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July 2021: Lake Etiquette: It’s Not ‘Whatever Floats Your Boat’

Date: July 29, 2021

New Hampshire’s beautiful lakes, ponds and rivers play host to a large number of recreational motor boats as Granite Staters and visitors get out on the water for fishing, water skiing, tubing and pleasure cruising. Recreational boating provides a great opportunity to enjoy our waters. However, with this comes a responsibility to protect water quality. Individual boats usually release only small amounts of pollutants but when multiplied by thousands of boaters, they can cause distinct water quality problems.

Limiting pollution from the care and usage of motor boats can promote long-term economic benefits and environmental health and help recreational boating to remain a fun-filled outdoor experience. Clean boats, clean boating habits and clean marinas benefit the entire boating community as well as aquatic life.

The main ways motor boat owners can instill good habits to protect the environment are:

  1. Limiting habitat and shoreline impacts by controlling wake and taking care in shallow areas. The waves generated from boat wakes can be around a foot high, sometimes more, and, if too close to shore, can contribute to slumping banks and loss of shoreline vegetation and sandy beaches. Boats can also destroy habitat for aquatic animals directly by uprooting and cutting up aquatic plants in shallow areas where motors extend down near the plant growth.
  2. Following boat washing and maintenance best practices to prevent wastewater and potential toxins from entering surface waters. If done without caution, these acts have the potential to contribute chemical pollutants such as solvents, paints, or oils, to the state’s surface waters.
  3. Ensuring there is no discharge of sewage and waste by using boat pumpouts. Sewage discharged from boats can make water unsightly and unsafe and stimulates algae growth, as well as fostering toxic algal blooms.
  4. Preventing the spread of aquatic invasive species. Aquatic invasive plants can lead to reduced shorefront property values, water quality impairments and problems with the aesthetic and recreational values of waterbodies. The spread of these plants occur when boats and bilges are not properly cleaned between trips.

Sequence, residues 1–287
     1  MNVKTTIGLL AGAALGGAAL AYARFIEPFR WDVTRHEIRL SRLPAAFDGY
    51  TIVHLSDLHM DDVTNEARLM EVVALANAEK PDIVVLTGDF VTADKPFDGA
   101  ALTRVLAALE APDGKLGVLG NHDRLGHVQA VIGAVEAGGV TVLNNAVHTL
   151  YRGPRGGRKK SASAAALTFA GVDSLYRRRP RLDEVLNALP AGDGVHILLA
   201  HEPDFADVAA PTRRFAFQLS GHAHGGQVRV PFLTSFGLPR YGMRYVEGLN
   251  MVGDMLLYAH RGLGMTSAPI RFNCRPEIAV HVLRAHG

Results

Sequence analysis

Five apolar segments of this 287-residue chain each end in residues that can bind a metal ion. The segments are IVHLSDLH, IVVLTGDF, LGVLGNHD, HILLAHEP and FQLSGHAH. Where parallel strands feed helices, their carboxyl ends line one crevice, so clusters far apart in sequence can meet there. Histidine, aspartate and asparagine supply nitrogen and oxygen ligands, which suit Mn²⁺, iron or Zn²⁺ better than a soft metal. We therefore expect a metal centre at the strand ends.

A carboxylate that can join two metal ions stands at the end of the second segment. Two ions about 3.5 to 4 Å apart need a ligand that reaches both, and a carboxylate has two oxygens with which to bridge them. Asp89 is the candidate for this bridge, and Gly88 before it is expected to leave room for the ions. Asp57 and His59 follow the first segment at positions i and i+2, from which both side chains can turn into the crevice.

The following are some best practices to minimize or prevent negative impacts in these four areas. For more details about all of these activities, see the links provided above.

Habitat and Shoreline Impacts

  • Follow “NO WAKE” rules and guidelines.
  • Avoid boating in shallow near-shore areas and marshy areas, as they are more at risk for impacts resulting from motorized boating activities.
  • Do not to run the propeller or skeg against or along the bottom substrates.
  • Avoid traveling through densely vegetated areas.
  • Do not power load your boat onto your trailer.

Boat Washing and Maintenance

  • Do not the wash or rinse water to drain directly to any surface water.  
  • When possible, boat washing should take place in an area that collects and sends all associated water and detergents to an approved and permitted private or public wastewater collection and treatment system.  
  • For individual boat owners where boat washing occurs in an area that does not drain to a wastewater collection system, all associated wash water should soak directly into the ground.
  • When boat washing is taking place over dry ground, remove all drain plugs so that the water can drain out of the boat during and after the wash process.
  • Carefully read the label prior to purchase of any cleaning product and review the ingredients included. Use only phosphate-free detergents. Do not use detergents containing ammonia, sodium hypochlorite (bleach), chlorinated solvents, petroleum distillates, strong acids, or lye (especially in places where they could be released to the water.)  
  • Consider using only water, which may actually be all you need to complete the job.
  • Read more about these best practices in “Boat Washing and Engine Maintenance for Boat Owners.”

Boat Pumpouts

  • Make sure you are pumping out your holding tanks regularly at pumpout stations. Check out NHDES’ map of pumpout stations in New Hampshire waters.
  • Check to see that your wastewater drains to a holding tank by flushing toilets and running water in sinks and showers. Have a friend watch outside the boat to see if any water drains to the lake.
  • Check all your plumbing Y-valves to ensure they are disconnected. A Y-valve is a switch that allows boats to discharge wastewater either to a holding tank or overboard. Boats on the coast often have Y-valves for offshore disposal, but these valves are not allowed in New Hampshire’s inland lakes.
  • Ask a marine professional to verify that your plumbing is set up in a way that directs wastewater to the holding tank and does not discharge to the lake.
  • Learn more about state law and regulations for boat sewage and waste in our boat pumpouts fact sheet.

Invasive Species

  • Learn about the different species and what to look out for in this series of fact sheets about invasive species in NH.
  • Learn where infestations are documented in New Hampshire on the NHDES Lake Mapper.
  • Before leaving ANY boat launch area:
    • CLEAN any mud, plants, animals and debris off your boat, trailer and equipment, and dispose away from the waterbody.
    • DRAIN your motor, live wells, bait wells, ballast bags and tanks, and bilge areas away from the waterbody.
    • DRY anything that came in contact with the water. Rinse and towel-dry all equipment or allow for five days drying time.